In all, eight people were killed by inmates at Alcatraz. One guard was murdered in an assault in the prison's laundry room in the late 1930s, and two others died during an attempted breakout in 1946. Five inmates were killed in random attacks. Five other prisoners committed suicide.
DeVincenzi witnessed a killing on his first day as a guard. He'd been assigned to the prison's barbershop. Easy duty, he figured. Early in his shift, as he was watching an inmate shave another with a straight razor, all hell broke loose.
"The barber's name was Freddie Lee Thomas, and suddenly he takes his shears and starts stabbing the man in the chair," DeVincenzi recalled. "He's slashing his neck and arms, and I'm blowing my whistle. Within moments, the man is dead, lying in a pool of blood. I guess the two were lovers.
"Freddie hands me the bloody shears. Then he leans over the body and kisses the dead man on the forehead. "Goodbye," he said. "I love you."
Years after the prison shut its doors, the island's sense of seclusion remains. Until the use of cellphones, night watchmen relied on a dated ship-to-shore phone to reach the mainland, making many feel marooned at sea.
Erik Novencido worked the island night shift for 10 years. The worst part was walking inside the electroshock therapy room. Once he took a picture at night to show friends. When he developed the film, he says, the snapshot showed a face in the room staring back at him.
He never figured out what it was.
"Sometimes I was just overwhelmed by fear," he said. "The rangers told me stories about the things that happened here. And I'd say, 'Keep that to yourself. I've got my sanity to keep.' "
Veteran park ranger Craig Glassner has been afraid even during the day. "Once on an isolated spot I heard this 'Whooooo, whooooo,' like someone blowing on a big Coke bottle," he said.
"I thought, 'Do I run?' Then I saw it was the wind blowing across the stanchions of a fence. It really freaked me out."
Mary McClure, who spent 12 years working nights on Alcatraz until last fall, preferred the isolation. She couldn't wait for the last tourist to leave. "It was the standard fantasy of being alone on an island," she said. "Well, maybe not Alcatraz."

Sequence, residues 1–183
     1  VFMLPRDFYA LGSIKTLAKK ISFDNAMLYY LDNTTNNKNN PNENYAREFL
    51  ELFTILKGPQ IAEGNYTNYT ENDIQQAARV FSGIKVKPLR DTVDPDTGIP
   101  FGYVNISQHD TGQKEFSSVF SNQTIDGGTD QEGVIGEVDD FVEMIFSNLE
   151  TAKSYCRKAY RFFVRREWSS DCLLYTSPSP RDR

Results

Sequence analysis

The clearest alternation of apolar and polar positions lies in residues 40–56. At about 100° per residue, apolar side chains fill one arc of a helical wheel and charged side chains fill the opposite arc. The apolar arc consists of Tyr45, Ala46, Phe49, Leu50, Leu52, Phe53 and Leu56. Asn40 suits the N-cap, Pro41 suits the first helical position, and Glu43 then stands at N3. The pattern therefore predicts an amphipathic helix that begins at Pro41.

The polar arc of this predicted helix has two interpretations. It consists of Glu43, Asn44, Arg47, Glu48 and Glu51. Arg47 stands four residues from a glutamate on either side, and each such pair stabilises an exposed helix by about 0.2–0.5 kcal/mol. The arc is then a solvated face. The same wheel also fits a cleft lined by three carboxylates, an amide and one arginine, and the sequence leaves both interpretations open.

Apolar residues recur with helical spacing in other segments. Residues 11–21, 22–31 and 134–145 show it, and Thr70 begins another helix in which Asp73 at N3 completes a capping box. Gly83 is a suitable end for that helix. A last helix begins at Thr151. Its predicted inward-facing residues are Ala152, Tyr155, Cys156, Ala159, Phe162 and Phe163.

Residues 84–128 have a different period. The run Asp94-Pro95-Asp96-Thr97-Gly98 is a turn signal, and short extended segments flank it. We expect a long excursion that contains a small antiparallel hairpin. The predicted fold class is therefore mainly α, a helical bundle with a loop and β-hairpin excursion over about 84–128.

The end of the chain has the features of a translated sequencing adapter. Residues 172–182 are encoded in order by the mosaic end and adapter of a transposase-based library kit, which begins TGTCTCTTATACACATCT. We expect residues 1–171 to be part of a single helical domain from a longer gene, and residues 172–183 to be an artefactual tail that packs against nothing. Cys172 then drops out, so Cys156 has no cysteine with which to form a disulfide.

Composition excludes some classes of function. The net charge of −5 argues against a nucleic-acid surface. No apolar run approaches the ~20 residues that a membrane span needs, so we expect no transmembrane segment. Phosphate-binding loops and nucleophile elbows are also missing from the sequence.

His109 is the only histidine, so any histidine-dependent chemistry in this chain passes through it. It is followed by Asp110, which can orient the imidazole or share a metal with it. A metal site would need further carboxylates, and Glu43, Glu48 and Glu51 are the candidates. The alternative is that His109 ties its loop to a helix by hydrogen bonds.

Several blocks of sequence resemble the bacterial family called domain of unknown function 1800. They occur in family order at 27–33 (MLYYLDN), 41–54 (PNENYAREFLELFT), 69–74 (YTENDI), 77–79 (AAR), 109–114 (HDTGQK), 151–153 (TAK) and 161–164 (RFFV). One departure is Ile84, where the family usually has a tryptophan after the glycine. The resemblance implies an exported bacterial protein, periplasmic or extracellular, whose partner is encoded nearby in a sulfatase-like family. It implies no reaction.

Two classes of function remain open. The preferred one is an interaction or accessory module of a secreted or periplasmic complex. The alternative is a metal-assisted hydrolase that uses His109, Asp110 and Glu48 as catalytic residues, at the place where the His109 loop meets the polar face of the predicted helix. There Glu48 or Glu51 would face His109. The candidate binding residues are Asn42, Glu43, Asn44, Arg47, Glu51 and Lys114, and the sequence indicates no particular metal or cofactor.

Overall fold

Even so, there were strange events. "Many times, at night in the cell house, I had the distinct sensation of being pinched on the butt," said McClure, 52, a former paramedic. "It happened with great regularity. I have no explanation for it, and I don't talk to people about it, because I know it makes me sound crazy."
Former inmate John Banner spent four years here in the 1950s. He still recalls the squeal of the wind at night.
"Laying awake, listening to that wind, trying to hold on to what sanity I had left, I always thought of the brutality of that prison," said the convicted bank robber, who lives in Arizona.
Now 83, Banner can't imagine facing Alcatraz alone, at night. "I don't believe in spooks," he said, "but why on earth would a person want to do that?"
WHEN darkness comes, you don't leave Alcatraz; you flee.
Amid a driving rain, a ranger hands Johnson the keys to the island — hurrying toward a ferry that soon whisks away the last of the day's 5,000 visitors.
Johnson stands solitary amid the gathering seagulls. The big birds are now everywhere, lined up on walls, circling like vultures.
They make him uneasy.
"It's like they're watching me, to see if I'm going to crack," he says, "like in that Alfred Hitchcock film, 'The Birds.' "
He makes a sweep for any tourist stragglers and settles in for the long night.
Johnson's father was a prison guard in upstate New York. He has the job in his blood. But Alcatraz is different.
The last rays of sun now gone, the island fortress becomes a grim, humorless place, the stuff of black-and-white 1950s crime photos. Johnson plays upbeat music on his iPod — Prince, Wham, Michael Jackson — to lighten the gloom.
He earns overtime pay for his 18-hour shifts (3 p.m. to 9 a.m.), but sometimes, in the dead of night, he says, "it seems like blood money."
At 8 p.m., dressed in a black cap and windbreaker, his radio squawking with park police chatter, Johnson winds his way up a switchback as birds dive-bomb from ledges. In the rain, the cell house looms up ahead like a haunted castle.
He walks cellblock rows that inmates nicknamed Broadway, Sunset Alley and Seedy Street. He enters a solitary cell, its heavy iron door creaking. The tiny quarters remain perfectly black even after his eyes grow accustomed to the space.
He stops at the cell of Frank Lee Morris, whose daring breakout was immortalized in the film "Escape from Alcatraz." Morris and two others left inside their cells dummy heads fashioned out of soap and toilet paper — complete with hair from the barbershop. The idea was to fool guards while they left through holes chiseled in their cell walls.
Johnson looks at a model of one fake head left in the cell as a tourist display. He knows how the men felt: "Ten years here? I'd go crazy before that."
By dawn, the night watchman is weary of the Rock. Passing the keys to a ranger, he makes his own escape from Alcatraz, the sun on his face.